The American manufacturer is fielding two GT race cars in the 2016 WEC GTE category and another two in the IMSA series in the USA, and says that the road car’s final setup could be influenced by on-track performance in the 2016 season, which kicks off today at Silverstone.
“We haven’t built production versions of the GT road car yet, so we can still make changes from things we learn on track,” confirmed Dave Pericak, director of Ford Performance, speaking to Autocar at the opening WEC round.
“Anything we learn here will be considered for the road car; the two cars have been developed side-by-side from the offset anyway.”
The GTs showed strong pace in qualifying at Silverstone yesterday, and will be lining up in third and fifth in class on their first competitive outing. Billy Johnson, one of three drivers in the 66 GT, said this pace proves how strong the GT’s engine and chassis are.
“There are a lot more similarities between the GT road and race cars than normal,” said the 24 Hours of Daytona veteran, who lines up third on the grid today. “The cars are so close that there are marks for where racing parts would attach still visible on the road car, and there’s exactly the same carbon and aluminium structure underneath.”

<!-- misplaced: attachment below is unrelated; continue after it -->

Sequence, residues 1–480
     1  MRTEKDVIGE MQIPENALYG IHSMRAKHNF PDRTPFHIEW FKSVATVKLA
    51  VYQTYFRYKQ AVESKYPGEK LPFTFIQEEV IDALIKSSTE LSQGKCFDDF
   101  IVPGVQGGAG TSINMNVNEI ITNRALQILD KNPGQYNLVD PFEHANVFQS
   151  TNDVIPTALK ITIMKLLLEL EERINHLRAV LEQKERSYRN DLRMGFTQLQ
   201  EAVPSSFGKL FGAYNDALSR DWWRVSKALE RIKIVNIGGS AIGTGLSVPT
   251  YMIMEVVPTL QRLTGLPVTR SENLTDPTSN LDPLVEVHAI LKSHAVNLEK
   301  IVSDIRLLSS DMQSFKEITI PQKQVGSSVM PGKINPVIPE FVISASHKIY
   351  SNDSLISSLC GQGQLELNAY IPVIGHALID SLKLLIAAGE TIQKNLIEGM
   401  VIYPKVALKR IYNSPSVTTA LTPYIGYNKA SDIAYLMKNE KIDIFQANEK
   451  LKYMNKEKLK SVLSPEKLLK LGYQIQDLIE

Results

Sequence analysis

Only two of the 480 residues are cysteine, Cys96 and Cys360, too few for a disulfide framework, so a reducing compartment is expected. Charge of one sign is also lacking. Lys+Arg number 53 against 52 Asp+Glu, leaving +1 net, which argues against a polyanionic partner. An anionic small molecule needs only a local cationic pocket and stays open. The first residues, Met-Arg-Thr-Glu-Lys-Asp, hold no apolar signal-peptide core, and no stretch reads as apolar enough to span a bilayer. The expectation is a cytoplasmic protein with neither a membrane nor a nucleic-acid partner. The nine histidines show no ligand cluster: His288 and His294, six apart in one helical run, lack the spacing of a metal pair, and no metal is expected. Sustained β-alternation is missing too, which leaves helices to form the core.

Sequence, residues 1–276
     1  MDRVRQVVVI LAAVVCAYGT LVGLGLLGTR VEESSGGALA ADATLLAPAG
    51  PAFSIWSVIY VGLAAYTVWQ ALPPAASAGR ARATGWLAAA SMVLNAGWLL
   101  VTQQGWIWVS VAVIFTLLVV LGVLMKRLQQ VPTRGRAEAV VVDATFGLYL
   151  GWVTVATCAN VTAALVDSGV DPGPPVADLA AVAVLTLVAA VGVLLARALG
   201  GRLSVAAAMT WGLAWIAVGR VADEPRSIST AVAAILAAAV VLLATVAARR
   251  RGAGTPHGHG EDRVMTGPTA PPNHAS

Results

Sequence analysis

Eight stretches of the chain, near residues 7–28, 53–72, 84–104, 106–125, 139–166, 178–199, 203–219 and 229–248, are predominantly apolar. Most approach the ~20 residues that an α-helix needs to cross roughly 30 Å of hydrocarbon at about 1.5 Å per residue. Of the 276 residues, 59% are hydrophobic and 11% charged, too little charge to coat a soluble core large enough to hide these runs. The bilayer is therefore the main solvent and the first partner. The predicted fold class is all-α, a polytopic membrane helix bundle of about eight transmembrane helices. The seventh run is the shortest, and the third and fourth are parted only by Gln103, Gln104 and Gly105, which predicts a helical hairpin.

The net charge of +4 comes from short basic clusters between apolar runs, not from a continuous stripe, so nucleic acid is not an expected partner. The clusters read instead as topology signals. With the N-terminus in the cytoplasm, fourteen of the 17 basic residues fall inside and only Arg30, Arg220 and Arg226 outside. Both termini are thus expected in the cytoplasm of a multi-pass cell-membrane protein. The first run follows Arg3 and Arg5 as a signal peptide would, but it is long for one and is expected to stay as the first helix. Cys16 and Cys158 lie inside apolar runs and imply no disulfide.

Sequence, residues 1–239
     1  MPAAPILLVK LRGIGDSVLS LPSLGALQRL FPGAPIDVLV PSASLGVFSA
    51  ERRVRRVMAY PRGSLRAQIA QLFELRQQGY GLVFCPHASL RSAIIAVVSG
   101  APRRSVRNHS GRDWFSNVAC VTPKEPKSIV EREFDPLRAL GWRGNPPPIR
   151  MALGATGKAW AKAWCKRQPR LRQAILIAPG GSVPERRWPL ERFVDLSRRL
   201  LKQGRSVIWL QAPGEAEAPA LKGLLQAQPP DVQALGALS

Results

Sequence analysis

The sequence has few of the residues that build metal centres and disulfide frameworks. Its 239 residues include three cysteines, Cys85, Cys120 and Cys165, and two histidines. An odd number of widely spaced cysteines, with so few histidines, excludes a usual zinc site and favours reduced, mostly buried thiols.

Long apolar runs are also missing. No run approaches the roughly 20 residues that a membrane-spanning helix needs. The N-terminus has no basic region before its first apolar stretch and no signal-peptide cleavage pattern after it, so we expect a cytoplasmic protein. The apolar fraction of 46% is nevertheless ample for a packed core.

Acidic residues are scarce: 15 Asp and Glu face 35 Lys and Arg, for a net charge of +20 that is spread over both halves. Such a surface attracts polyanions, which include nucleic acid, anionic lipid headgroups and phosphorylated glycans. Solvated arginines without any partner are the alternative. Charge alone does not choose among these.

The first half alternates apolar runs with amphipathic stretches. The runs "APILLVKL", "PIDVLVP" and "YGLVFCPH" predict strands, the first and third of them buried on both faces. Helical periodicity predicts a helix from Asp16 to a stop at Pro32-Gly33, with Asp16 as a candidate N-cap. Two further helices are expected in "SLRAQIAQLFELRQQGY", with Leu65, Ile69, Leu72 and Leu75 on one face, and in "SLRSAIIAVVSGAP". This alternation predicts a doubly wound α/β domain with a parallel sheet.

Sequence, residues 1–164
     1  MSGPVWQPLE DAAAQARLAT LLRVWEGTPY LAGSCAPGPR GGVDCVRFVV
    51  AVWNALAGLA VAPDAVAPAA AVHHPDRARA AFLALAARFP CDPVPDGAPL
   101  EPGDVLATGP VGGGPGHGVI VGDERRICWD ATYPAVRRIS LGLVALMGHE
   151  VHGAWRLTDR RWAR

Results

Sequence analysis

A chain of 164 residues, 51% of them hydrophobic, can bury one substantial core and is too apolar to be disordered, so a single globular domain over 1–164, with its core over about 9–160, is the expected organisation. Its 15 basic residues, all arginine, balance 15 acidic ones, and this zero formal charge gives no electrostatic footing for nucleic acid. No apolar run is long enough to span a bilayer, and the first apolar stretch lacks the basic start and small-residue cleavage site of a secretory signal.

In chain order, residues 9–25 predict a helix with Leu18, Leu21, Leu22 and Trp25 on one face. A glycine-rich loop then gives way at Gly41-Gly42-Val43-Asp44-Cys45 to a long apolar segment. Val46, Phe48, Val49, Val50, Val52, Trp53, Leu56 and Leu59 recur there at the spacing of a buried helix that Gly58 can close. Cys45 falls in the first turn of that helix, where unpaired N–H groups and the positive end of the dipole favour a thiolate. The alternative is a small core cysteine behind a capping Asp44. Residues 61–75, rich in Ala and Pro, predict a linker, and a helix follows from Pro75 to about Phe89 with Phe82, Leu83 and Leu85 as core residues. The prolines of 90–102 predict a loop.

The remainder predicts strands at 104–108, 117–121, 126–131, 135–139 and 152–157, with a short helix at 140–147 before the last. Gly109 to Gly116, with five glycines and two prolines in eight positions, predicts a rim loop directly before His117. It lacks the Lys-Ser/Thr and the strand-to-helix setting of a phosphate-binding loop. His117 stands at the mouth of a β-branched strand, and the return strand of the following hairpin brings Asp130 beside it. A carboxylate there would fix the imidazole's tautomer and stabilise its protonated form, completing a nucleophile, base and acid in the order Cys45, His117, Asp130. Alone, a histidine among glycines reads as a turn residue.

Johnson’s teammates in the 66 car are Stefan Mücke and Olivier Pla, while the sister car, the number 67, is driven by an all British line-up of Marino Franchitti, Andy Priaulx and Harry Tincknell. This weekend’s racing will be the first time the new GT has taken to the track in a competitive environment.
“Racing the GT doesn’t just demonstrate how fast it is as our halo car,” added Pericak. “It also demonstrates Ford’s technology as a whole. We think it could directly affect road car sales.”
Order books for the road-going GT opened only last week, with prices starting from about £250,000.